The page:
These perfect little morsels are what I spent the late summers of my childhood hunting while sitting bareback on a horse with my best friend and a plastic grocery bag.  These tart wild fruits that grow on vines along the thick brush are what my eyes are searching for this time of year. To hell with the wild sunflower, the coneflowers, the juneberries that the bugs have demolished. If I can bite down on a wild, perfectly red raspberry and savor the juices that hit my tongue if only once in a summer I am satisfied.

Fall can come tap dancing in.

Winter can bring it.

I got my raspberry.

So it was with delight that I hit the trail last Sunday for a leisurely ride with pops, husband and little sister. It was the last day in July and it sure as hell felt like it. The air was muggy, but there was a nice breeze and the sun was hiding behind a skim of clouds for the time being. It was enough relief to keep us from baking, enough to allow us to saddle up and head for our favorite pasture in the east.

We weren’t looking for anything in particular, the four amigos. We just wanted to be in one another’s company as the morning rolled on into the afternoon. See, the other casualty of late summer is this: little sister is leaving. Yup. Back to east side of the state to finish up her schooling and become a grown up already. I haven’t admitted it yet here, but the fact that time is marching on and out too quickly, bringing with it this type of consequence, has been the catalyst to the waves of dread and the reason I have occasionally pulled on my crabby pants during the past five days or so.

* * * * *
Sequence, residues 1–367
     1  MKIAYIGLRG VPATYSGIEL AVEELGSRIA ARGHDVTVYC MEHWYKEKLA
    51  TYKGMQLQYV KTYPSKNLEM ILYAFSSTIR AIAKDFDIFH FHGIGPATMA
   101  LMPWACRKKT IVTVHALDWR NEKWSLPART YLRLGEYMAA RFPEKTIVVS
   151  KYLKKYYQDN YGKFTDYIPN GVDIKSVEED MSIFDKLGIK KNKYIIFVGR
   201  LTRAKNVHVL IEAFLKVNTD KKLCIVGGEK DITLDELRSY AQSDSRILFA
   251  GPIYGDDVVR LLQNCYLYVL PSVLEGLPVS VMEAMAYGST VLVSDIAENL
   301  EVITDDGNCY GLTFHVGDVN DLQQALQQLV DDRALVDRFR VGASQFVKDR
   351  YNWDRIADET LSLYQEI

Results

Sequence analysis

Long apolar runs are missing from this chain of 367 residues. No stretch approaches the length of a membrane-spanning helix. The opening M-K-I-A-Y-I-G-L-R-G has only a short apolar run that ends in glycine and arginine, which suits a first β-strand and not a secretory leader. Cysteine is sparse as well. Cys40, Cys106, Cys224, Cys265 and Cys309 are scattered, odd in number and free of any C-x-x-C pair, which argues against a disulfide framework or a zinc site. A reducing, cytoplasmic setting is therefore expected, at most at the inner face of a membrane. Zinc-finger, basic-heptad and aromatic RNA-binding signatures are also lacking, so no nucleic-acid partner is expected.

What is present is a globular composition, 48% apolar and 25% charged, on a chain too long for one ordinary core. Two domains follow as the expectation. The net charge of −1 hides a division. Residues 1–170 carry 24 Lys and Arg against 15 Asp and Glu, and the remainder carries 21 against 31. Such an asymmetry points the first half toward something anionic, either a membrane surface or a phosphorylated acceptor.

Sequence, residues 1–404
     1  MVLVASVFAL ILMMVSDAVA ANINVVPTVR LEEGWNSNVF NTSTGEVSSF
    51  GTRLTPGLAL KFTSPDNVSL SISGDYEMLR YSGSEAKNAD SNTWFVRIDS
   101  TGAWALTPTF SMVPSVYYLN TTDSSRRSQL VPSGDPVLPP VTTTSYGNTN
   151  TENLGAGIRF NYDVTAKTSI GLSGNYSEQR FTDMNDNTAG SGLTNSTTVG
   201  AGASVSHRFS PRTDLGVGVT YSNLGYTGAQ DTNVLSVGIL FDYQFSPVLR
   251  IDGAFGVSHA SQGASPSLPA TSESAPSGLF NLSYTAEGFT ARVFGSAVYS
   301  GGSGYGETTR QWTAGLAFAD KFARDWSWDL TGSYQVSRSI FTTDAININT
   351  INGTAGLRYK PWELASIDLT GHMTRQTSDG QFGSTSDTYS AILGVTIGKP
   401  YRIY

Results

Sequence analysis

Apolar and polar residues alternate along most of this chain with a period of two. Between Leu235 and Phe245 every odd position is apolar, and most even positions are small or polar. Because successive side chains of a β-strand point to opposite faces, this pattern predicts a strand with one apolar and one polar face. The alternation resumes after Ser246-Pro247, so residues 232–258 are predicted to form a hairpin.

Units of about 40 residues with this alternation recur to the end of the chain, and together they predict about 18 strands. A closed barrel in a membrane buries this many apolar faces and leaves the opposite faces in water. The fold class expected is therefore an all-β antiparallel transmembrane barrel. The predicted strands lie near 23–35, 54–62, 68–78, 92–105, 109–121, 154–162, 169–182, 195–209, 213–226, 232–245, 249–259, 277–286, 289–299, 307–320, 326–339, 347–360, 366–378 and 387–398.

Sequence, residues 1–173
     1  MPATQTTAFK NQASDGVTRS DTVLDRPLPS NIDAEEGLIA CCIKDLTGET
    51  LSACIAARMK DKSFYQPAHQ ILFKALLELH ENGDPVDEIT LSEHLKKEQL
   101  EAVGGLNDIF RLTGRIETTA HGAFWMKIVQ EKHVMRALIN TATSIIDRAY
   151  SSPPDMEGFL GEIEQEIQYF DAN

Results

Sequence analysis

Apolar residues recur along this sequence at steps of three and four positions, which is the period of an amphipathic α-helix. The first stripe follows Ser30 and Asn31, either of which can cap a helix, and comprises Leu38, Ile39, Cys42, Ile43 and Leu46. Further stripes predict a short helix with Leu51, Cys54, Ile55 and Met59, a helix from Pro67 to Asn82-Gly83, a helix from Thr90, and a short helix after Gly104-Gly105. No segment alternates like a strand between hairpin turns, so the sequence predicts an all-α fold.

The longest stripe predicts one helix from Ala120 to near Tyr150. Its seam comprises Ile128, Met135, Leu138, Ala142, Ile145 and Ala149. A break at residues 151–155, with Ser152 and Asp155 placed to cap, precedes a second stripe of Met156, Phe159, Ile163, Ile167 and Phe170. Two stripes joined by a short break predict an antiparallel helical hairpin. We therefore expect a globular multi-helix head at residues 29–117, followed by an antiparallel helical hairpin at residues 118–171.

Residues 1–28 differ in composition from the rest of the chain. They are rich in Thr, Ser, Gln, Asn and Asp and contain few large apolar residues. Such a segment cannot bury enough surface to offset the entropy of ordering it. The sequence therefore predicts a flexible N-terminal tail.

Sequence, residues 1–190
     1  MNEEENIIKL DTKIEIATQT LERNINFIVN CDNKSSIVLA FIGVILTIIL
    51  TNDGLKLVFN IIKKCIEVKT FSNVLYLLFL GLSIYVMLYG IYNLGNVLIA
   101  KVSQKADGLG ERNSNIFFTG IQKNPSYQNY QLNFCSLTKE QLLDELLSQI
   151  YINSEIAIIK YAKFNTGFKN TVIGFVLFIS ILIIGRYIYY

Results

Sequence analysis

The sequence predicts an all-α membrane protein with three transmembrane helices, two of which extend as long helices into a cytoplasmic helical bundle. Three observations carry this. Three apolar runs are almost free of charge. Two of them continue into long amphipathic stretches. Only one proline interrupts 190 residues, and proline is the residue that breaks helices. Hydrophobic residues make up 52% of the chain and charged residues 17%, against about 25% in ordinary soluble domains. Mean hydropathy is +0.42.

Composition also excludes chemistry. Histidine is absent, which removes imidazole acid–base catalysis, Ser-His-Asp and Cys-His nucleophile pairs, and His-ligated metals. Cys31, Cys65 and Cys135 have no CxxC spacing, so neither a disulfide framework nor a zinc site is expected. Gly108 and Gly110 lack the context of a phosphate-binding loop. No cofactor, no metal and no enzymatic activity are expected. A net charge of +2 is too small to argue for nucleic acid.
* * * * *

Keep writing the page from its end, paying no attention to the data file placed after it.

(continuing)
I am lashing out at time and wondering why the bluebells can’t stay….

Why the clover must dry up…

Why the sun can’t maintain its heat…

Why my gray hairs multiply with each pluck of a straggler…

Why little sisters don’t stay little forever.

But anyway, there we were last Sunday strolling on the back of good horses through acres of wild sunflowers and grass up to the heels of our boots. There we were riding just a little further, despite the fact that the sun had reappeared and the temperature was rising. There we were, the four of us, bonded by our love for a place, the desire to be part of something a little more untamed, and the need to be together out in it for as long as we could.

We were chatting about the unprecedented rainfall and the lush vegetation when pops, always in the lead, pushed his horse through a barley visible trail like a cow dog going after an unruly bull and squealed like a little boy. The three of us stopped in our tracks. What could it be? A mountain lion? An elk? A big, black hole? Aliens?

As pops flung his body off his horse and dove into the brush one of us dared to ask that question. You know, the one that starts with “What” and ends with “is it?”